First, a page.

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- abstracts academic blogging academic book academic writing argument authority in writing blogging books book writing chapter co-writing conclusion conference conference papers conference presentation contribution crafting writing data dissertation doctoral education doctoral research early career researchers epistemology ethics examiner introduction journal journal article literature mapping literature review literature themes mess methods chapter peer review PhD public engagement publishing reader reading research methods research project revision signposts supervision Tate Summer School thesis time Uncategorized voice writing
- managing the #phd – reMIND me
- paper not working? try the “what’s the problem?” approach
- what did that peer reviewer actually mean?
- data analysis – jigsaw puzzling writ large?
- Co-writing, a continuing story…
- 2017 – the year of the ‘to do’ list
- dear Santa
- co-writing strategies – or – what could possibly go wrong?
- an ethics of analysis and writing
- letter to an unknown doctoral researcher
- good academic writing – what’s your list?
- ask not how but why – musings on ‘the interview’
Top Posts & Pages
- aims and objectives - what's the difference?
- managing the #phd - reMIND me
- paper not working? try the "what's the problem?" approach
- concluding the journal article
- the literature review - how old are the sources?
- connecting chapters/chapter introductions
- writing an academic ransom note
- writing the introduction to a journal article
- what’s with the name doctoral ‘student’?
- connecting chapters/chapter conclusions
Category Archives: data
Pack rats are nest builders. They use plant material such as branches, twigs, sticks, and other available debris. Getting into everything from attics to car engines, stealing their ‘treasures’, damaging electrical wiring, and creating general noisy havoc can easily cause … Continue reading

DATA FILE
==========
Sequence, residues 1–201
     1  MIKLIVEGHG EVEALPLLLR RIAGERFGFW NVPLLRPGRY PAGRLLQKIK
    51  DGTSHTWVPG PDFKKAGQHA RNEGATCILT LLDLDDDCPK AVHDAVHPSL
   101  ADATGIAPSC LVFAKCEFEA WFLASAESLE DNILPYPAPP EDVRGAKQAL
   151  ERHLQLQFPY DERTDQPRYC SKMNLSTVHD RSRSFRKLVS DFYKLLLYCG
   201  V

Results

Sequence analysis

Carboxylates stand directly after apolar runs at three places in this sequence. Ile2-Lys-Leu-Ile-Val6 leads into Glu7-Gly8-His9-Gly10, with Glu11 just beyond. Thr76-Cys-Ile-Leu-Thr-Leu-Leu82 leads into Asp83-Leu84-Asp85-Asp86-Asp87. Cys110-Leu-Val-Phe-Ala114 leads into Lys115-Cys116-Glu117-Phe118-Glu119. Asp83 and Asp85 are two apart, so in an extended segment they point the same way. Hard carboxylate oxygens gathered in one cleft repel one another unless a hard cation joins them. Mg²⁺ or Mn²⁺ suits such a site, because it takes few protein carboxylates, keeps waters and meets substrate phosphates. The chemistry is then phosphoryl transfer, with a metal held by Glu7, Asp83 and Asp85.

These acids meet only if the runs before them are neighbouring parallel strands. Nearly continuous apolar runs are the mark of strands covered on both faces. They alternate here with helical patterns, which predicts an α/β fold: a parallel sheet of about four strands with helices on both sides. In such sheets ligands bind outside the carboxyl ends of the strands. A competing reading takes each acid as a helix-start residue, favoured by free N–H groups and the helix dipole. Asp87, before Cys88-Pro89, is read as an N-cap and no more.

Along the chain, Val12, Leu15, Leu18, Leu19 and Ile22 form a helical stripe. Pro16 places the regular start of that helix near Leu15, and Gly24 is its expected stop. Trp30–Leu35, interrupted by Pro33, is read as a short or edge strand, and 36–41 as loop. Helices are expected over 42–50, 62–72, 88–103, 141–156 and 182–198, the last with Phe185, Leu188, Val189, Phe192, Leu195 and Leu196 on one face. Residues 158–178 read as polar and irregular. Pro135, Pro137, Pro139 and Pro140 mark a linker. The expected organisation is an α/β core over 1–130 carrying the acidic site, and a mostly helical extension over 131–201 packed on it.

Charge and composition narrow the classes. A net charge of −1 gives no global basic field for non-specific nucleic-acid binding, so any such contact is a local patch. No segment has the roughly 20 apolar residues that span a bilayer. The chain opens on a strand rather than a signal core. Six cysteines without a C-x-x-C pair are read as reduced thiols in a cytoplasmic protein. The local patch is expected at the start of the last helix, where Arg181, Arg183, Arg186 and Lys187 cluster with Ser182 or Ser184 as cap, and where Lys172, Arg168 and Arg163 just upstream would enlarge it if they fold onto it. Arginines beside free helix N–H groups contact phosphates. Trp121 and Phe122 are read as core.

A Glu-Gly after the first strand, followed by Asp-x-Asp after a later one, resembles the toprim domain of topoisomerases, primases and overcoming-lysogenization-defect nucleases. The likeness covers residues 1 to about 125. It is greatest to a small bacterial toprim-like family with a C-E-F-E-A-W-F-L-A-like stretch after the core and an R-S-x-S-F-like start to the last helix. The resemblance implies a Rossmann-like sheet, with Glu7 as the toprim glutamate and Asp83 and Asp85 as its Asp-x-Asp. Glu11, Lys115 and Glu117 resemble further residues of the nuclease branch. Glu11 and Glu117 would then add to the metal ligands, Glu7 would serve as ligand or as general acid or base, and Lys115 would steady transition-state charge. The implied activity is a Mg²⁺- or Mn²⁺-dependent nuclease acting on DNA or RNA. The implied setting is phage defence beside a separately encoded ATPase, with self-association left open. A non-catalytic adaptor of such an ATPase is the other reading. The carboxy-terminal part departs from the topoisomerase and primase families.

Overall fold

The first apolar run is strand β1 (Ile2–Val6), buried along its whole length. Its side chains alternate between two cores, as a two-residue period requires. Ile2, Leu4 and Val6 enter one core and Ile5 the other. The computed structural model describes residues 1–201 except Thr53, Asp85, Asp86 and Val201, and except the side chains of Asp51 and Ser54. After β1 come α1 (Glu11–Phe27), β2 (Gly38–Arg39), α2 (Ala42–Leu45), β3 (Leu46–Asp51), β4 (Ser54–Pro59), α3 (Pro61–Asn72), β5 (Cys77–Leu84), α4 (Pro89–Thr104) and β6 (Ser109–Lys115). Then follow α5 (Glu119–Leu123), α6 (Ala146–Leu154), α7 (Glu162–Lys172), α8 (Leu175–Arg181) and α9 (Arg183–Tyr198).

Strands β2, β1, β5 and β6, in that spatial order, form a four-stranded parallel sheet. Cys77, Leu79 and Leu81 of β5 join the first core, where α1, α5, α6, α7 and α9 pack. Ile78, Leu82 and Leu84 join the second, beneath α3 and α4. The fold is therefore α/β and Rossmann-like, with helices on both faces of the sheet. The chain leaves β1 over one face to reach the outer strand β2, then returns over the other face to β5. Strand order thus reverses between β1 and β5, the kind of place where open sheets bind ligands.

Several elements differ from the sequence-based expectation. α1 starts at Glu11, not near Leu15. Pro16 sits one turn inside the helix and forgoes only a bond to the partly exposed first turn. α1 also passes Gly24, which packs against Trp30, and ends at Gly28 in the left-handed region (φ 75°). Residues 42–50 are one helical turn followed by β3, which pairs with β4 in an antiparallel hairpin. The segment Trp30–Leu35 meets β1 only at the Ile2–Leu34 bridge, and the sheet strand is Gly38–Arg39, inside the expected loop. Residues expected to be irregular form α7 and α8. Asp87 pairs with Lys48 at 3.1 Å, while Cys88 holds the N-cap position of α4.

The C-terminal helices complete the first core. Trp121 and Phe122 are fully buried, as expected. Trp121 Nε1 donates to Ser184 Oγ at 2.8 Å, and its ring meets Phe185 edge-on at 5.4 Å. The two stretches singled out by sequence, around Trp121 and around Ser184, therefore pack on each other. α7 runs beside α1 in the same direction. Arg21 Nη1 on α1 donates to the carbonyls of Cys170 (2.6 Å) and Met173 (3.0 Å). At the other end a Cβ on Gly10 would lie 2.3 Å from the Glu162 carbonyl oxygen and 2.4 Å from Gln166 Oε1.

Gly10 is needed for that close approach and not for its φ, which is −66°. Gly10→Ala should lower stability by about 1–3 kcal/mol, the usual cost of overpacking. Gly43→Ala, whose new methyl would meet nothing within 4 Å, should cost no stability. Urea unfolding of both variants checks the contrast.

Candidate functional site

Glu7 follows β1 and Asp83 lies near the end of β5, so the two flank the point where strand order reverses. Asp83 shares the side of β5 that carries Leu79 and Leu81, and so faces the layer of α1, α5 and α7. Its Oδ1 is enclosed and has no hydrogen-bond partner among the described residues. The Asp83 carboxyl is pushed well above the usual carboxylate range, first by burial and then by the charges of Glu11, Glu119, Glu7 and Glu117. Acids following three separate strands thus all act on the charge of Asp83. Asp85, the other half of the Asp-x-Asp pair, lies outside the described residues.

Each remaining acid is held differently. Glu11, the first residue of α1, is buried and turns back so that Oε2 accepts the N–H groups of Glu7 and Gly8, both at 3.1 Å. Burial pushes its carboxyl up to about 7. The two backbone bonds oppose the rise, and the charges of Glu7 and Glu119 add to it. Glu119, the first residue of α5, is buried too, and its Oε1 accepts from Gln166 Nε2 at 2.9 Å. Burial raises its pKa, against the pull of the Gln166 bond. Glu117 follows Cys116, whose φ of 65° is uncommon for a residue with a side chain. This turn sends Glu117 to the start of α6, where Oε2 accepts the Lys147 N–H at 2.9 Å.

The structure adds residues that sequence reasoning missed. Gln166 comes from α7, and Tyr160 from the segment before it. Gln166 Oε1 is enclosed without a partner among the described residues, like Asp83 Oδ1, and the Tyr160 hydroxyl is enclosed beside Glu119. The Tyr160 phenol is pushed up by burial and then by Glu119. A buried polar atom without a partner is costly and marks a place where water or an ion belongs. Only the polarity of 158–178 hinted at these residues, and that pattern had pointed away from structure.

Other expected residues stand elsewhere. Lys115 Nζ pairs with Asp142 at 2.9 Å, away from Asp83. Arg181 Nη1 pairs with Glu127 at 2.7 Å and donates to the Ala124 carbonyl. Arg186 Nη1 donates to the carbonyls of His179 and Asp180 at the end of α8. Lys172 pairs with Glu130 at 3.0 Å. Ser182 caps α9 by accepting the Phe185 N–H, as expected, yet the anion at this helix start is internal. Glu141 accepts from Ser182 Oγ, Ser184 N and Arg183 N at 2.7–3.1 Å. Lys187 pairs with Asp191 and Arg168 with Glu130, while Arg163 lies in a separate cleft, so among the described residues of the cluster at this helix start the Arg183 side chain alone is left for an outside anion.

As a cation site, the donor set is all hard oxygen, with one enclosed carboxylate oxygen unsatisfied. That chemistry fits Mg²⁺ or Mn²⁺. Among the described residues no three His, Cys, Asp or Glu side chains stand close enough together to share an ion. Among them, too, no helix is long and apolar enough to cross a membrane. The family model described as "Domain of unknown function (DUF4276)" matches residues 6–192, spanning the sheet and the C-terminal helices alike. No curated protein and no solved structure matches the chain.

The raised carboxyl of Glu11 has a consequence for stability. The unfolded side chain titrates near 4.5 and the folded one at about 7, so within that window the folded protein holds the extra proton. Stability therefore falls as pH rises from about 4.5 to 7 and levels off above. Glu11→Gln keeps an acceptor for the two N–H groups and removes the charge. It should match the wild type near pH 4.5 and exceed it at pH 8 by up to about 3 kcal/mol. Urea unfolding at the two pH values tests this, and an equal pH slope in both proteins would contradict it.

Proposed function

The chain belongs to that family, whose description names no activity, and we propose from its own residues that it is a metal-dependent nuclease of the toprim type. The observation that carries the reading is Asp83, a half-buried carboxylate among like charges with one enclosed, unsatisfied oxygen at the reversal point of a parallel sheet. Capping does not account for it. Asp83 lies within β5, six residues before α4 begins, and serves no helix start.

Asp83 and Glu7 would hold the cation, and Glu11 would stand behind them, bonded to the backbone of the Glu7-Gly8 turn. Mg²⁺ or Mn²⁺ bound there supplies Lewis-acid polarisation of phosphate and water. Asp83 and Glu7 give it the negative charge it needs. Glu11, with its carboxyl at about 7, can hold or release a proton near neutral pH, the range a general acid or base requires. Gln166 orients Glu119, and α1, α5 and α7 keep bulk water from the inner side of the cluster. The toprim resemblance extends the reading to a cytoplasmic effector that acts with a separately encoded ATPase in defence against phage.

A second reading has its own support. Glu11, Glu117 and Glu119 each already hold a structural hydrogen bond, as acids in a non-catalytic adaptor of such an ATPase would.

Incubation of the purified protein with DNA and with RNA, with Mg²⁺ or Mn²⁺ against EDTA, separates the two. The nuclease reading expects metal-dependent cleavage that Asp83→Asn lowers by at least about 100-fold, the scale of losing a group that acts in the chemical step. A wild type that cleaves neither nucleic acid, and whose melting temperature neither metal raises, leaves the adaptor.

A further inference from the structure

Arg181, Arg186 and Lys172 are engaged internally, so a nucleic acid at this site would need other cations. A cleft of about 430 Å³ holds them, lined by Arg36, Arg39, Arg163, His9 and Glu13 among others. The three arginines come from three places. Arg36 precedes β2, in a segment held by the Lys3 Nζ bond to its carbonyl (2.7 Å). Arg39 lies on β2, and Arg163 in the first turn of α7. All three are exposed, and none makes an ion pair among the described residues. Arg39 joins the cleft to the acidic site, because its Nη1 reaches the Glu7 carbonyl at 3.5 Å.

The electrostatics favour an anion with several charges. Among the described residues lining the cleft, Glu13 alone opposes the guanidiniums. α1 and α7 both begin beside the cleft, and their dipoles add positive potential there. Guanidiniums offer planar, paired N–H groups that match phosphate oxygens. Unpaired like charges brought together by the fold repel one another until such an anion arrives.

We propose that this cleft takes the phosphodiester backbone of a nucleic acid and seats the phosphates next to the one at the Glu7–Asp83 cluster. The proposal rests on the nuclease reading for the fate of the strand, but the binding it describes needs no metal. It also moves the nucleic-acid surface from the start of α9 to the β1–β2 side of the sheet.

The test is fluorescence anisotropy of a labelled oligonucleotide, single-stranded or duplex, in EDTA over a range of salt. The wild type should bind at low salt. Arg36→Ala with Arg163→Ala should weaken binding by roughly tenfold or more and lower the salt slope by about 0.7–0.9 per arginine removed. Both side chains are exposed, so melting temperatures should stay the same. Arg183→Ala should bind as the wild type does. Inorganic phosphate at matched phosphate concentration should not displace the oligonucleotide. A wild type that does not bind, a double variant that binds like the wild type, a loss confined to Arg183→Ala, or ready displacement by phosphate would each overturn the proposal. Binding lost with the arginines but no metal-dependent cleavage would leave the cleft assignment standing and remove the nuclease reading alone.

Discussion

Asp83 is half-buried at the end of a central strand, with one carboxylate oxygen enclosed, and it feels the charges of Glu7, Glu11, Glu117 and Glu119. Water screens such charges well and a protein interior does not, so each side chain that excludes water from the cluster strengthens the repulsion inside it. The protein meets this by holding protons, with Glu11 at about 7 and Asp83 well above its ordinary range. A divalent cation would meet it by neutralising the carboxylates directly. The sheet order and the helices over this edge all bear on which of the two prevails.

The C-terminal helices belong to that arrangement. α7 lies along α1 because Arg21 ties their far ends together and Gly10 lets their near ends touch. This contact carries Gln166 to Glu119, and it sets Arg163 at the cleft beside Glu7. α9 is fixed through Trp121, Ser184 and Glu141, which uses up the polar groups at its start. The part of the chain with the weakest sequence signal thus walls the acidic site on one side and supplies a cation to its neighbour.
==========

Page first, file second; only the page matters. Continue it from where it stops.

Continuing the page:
I was sitting in my office the other day talking with a beginning PhDer. A nearly-finished doctor popped her head around the door. I asked her what advice she would give someone just starting out on their doctorate, and her … Continue reading
You’ve read hundreds of books. You’ve waded through archival material. You’ve got mountains of surveys, folders full of transcripts, notebooks stuffed with barely legible field notes, and rather more photographs than you initially intended. Now what? How is it going … Continue reading
A post for National Poetry Day. It is pretty common for research methods courses and books to suggest that qualitative researchers read through their data – such as interview transcripts – several times. Reading through happens before you get down … Continue reading
When I’m beginning a new slab of data analysis I try to locate a strategic way into the overall topic. I look to see if there are one or two things that I can do fairly quickly to create something … Continue reading
It’s summer in the UK and we are officially on leave. Well, only sort of. Most academics manage to squeeze in a bit of time off, but I had my week in France a few weeks ago because I knew … Continue reading
A post where I have a small rant about one of my least favorite research expressions… We’ve all heard of a Freudian slip. This is where we inadvertently say something that unintentionally reveals an unconscious, or repressed, feeling, idea or … Continue reading